Column: A UCLA team with Final Four hopes is battered beyond recognition

It ended as it has ended every spring for the last 22 years.

College basketball’s greatest dynasty pushed around, shoved down, run over, knocked out.

UCLA basketball put to sleep early, 11 national titles dusted over quickly, a world of promise ended suddenly in a faraway gym amid boos and jeers.

This is getting old. This is really tired. And on Friday night at FedExForum, this was truly awful, a UCLA team with Final Four hopes battered beyond recognition and sent to a place where its heart will be dismantled.


Gone, the Bruins’ national title hopes with an 86-75 loss to Kentucky in the South Region semifinals.

Gone, the Bruins’ attempt to reach the Elite Eight for the first time in nine years, and win their first national title since 1995.

Gone, too, will be the soul of a team that had grown so strong together in a 31-win season before being strangely outfought by the tougher Wildcats.

When it ended, Coach Steve Alford waited at the end of the court to pat the backs of each of his dazed players as they staggered into the tunnel, many of them saying goodbye not only to the season, but also to UCLA.

Lonzo Ball, gone. TJ Leaf, gone. Bryce Alford, gone. Isaac Hamilton, gone.

As the last Bruin left the court, a fan shouted, “Coach Alford, don’t leave us!”

It turns out, he’s not gone. Alford, who was the subject of recent speculation regarding the vacancy at his alma mater of Indiana, told The Times late Friday that he is staying a Bruin. Even though there were even reports that he had already been offered a contract, with some saying it was a done deal, Alford has decided to stick with a program that he has made exciting and fun again.

“I am not going to Indiana; I love it here at UCLA,” Alford told The Times. “I am happy here. We have a great class coming in and a brand-new practice facility almost ready to open. I am 100% committed to UCLA. I am staying a Bruin.”

Some fans won’t be pleased, but the one bright part of this fractured Bruins future is its coach. Alford has not only taken the team to three Sweet 16s in his four years, but also he is bringing in a top-three recruiting class next year featuring two McDonald’s All-Americans in Jaylen Hands and Kris Wilkes. The Bruins will be so loaded, the second Ball brother, LiAngelo, will be fighting for playing time.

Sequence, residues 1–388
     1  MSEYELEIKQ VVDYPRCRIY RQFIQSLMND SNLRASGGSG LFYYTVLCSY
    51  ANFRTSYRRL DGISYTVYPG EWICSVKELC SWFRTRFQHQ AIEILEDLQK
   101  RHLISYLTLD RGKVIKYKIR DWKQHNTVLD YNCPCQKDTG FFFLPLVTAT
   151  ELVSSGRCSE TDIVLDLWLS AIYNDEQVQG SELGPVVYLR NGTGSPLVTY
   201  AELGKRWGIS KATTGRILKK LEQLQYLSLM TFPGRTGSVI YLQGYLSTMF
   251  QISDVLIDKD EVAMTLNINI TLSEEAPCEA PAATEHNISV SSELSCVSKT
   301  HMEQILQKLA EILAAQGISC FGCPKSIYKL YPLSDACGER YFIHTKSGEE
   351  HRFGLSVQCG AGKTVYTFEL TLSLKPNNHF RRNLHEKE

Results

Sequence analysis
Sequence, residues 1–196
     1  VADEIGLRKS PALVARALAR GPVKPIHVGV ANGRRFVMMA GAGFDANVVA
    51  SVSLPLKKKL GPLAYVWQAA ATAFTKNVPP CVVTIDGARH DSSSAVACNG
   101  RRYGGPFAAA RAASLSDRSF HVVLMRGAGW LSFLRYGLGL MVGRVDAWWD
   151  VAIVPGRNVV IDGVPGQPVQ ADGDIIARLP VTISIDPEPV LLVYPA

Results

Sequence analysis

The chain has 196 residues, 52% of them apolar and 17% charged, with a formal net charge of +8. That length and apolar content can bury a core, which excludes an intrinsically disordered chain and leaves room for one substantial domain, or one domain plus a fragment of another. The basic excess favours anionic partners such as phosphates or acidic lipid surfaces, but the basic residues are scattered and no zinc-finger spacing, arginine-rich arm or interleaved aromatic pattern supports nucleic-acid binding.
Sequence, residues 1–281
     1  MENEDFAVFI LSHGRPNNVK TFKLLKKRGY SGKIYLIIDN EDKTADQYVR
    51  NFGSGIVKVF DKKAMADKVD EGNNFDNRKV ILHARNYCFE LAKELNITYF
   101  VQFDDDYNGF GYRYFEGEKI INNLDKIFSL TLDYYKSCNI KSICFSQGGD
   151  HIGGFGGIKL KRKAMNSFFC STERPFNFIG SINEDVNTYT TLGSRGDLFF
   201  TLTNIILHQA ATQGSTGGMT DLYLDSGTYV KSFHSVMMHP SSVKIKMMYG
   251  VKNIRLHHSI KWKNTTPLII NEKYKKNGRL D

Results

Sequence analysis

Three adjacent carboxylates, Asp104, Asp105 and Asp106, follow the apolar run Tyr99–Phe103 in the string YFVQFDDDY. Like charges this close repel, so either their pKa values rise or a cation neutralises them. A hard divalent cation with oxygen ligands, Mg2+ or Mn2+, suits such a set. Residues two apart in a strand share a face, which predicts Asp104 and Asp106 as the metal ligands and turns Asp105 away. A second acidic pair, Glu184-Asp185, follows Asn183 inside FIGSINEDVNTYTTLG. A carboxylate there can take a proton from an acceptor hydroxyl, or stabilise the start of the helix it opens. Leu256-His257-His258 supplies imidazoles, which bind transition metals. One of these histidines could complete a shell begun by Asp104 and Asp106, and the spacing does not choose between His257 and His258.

“This is a pretty special place,” Alford said.

It will be a different-looking place next season, as was evident with each player that walked past Alford to leave the court.

Ball was shaking his head and staring at the sky. The freshman was their best player, yet on this night he was their biggest disappointment, shoved around by stronger Kentucky guards, rattled into as many turnovers as baskets with four each, only four second-half points.

He’s gone to the NBA. He’s so gone, in fact, that he even announced it in the UCLA locker room while some of his teammates were sobbing around him. Even in this awkward age of the one-and-dones, it was a strikingly unfeeling moment, as poorly timed as his father LaVar’s recent public braggadocio.

“This is my final game at UCLA, I appreciate all the fans,” said Ball as if reading from a script.

When asked whether it was disappointing to end his brief career like this, he quickly answered, “This is not a disappointment. This was a good year. Tonight I didn’t make enough plays for my team, and that’s on me.”

Then there was Leaf, their other top freshman who is also surely gone to the NBA. Like Ball, he was bullied by the Wildcats, scoring just four points in the second half, taking only three shots. But unlike Ball, he said he was too upset over the game to even discuss his future.

“I have no clue what I’m doing, I have not made a decision yet,” he said, fighting back tears. “I’m still thinking about tonight.”

Also gone are UCLA guards Alford and Hamilton, both of whom had used up their eligibility, and both of whom struggled to defend a Kentucky team that made nearly half of its shots and made nearly half of its three-pointers in the second half.

“It kind of sinks in pretty much, I think, knowing that you just lost a game in the NCAA tournament,” said Bryce Alford, his eyes red.

Added a despondent Hamilton: “Real emotion.”

The Bruins needed more of that emotion to hold off a team that they had beaten by five points back in December. They lacked the intensity that Kentucky showed on loose balls, offensive rebounds and forced turnovers. With the pro-Kentucky crowd roaring, the Wildcats turned a three-point halftime lead into a comfortable late margin with 39 points from De’Aaron Fox and 21 points from Malik Monk, two freshmen who outplayed Ball.

The season began back in November with UCLA scoring 100 points against Pacific and the basketball world talking about the amazing flying Bruins.

The season ended Friday with Ball scoring on an open dunk when Kentucky just stopped playing defense, the thousands of Kentucky fans booing and laughing.

The season ended ugly. The season ended early. A dream stopped dead in the third week of March. Again.

Get more of Bill Plaschke’s work and follow him on Twitter @BillPlaschke


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